It still did not come easy as Robinson converted a third-and-nine with a 17-yard run, Ethan Goeglein ran nine yards to the Strasburg six, with the drive finally capped by Robinson’s 1-yard plunge on fourth down early in the second quarter.
The drive took nine minutes, 57 seconds. The Indians converted five third downs, the shortest being third-and-four, and scored on fourth down.
“I truly believe that is when Strasburg knew we were there for a dogfight,” Seward said.
Alex Lozano’s extra point gave Yuma a 7-0 lead.

After forcing a punt, Yuma got the ball back on its own 48. After another fourth-down conversion, Yahir Trejo (returning from an injury), ran 31 yards down the Yuma sideline, then capped the drive with a five-yard run up the middle on the next play.
Lozano’s PAT gave Yuma a 14-0 lead with 4:37 left in the second.
However, Strasburg was not going to go away quietly.
Sophomore Thomas Devlin somehow broke free from a dogpile of players to sprint about 50 yards to Yuma’s 6-yard line. Zach Marrero followed with a TD run. The extra point was no good, but Yuma’s lead was cut to 14-6 at halftime.
Besides Yuma’s long scoring drive to open the game, the next important one came at the start of the second half, but with Strasburg possessing the ball. The home team methodically marched downfield, but finally was stopped on fourth-and-12 at the Yuma 38.
The Strasburg drive ate up 7 minutes, 43 seconds, but Yuma still led 14-6.
“We were a little confused for a while out there, but then we got it together and got the turnover (on downs), “ Seward said.
Yuma took its turn driving the opposite field, but bogged down at the Strasburg 31.
What followed was the only “bummer” for the Tribe.
Lozano booted a 46-yard field goal with plenty of room to spare.
However, Strasburg was penalized for roughing the kicker.
Seward decided to take the points off the board as the penalty moved the ball to the Strasburg 14.
The decision paid off as Robinson scored a few plays later, and Lozano’s PAT gave Yuma a 21-6 lead early in the fourth.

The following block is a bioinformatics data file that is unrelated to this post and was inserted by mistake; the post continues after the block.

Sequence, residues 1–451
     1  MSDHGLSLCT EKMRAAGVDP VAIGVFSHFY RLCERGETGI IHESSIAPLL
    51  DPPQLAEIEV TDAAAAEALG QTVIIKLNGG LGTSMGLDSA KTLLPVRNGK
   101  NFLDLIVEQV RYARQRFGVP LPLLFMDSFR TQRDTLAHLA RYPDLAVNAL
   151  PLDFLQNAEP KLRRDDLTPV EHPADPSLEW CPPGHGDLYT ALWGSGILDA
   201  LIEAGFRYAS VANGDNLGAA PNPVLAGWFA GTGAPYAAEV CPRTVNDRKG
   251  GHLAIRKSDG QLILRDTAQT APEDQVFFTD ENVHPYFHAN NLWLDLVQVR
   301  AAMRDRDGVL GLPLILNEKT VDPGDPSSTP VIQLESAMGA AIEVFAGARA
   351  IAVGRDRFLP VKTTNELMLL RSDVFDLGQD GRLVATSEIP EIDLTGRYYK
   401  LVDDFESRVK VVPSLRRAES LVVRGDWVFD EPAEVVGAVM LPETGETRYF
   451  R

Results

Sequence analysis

“You have to have confidence in your team,” Seward said. “Honestly, I felt if we didn’t get the first down, Alex could always go out there and make the field goal from a shorter distance. I wanted the momentum to just keep going. We kicked the air out of them right there.”
Then came time for a pair of “Clay Special” TD runs.
Robinson broke off a 58-yard scoring run on Yuma’s next possession for a 28-6 lead with 7:30 left.
Strasburg responded with a quick scoring drive, and a 2-point conversion to make it 28-14.
Robinson, faking a handoff to the right, again broke to the left for a 44-yard TD run for a 35-14 lead with 5:14 left.
Strasburg was able to tack on one more score, set up by a 47-yard pass completion, but Kevin Hermosillo’s interception with 1:51 left finally secured Yuma’s first playoff win since blowing out Rye at home in the first round in 2013.
“The counter series has been working really well for us lately,” Seward said. “We’ve run so much ‘power’ that everyone was gaining up on that. We’ve been really focused on iso and trap lately and it’s really paid off.”
Yuma outgained Strasburg 313-270, including 284 rushing yards. The Indians again won the turnover battle, 2-0, and the time possession, 28:12-19:48. Yuma converted 10 of 17 third-down attempts, and was 2-for-2 on fourth down.
Robinson rushed for 198 yards and four touchdowns on 23 carries, but once again was helped set up by great efforts from his running backs (as well as great all-around blocking). Trejo ran for 67 yards and a score on 14 carries, Silas Baucke 23 yards on eight carries, and Ethan Goeglein 18 yards on three carries. Robinson and Ross teamed up on the one 29-yard pass completion.
The defense again came up with key stops and turnovers. Strasburg might have passed for 104 yards, but nearly half off that came on one completion late in the game. Richardson and Hermosillo came up with interceptions, and the Indians held Marrero (who tortured Yuma in the teams’ September meeting) to 24 rushing yards on seven carries. Devlin ran for 96 yards, but more than half of that came on one run.
“What’s really fun is when you look out there periodically, there is only one senior (playing defense),” Seward said. “They have just played hard. When we’re locked in and making tackles, we’re pretty good.”
Jose Ruiz was in on seven total tackles, and had a sack, John Smith six, Victor Perez five, Kallen Blach five, Daman Thornton five, Richardson four, Trey Stegman four, Hermosillo four, Christian Quezada three, Goeglein two, Carson Lynch two, and Cesar Varela, Lozano, Ross, Andre Baucke, Hugo Montes, and Adrian Carranza one each.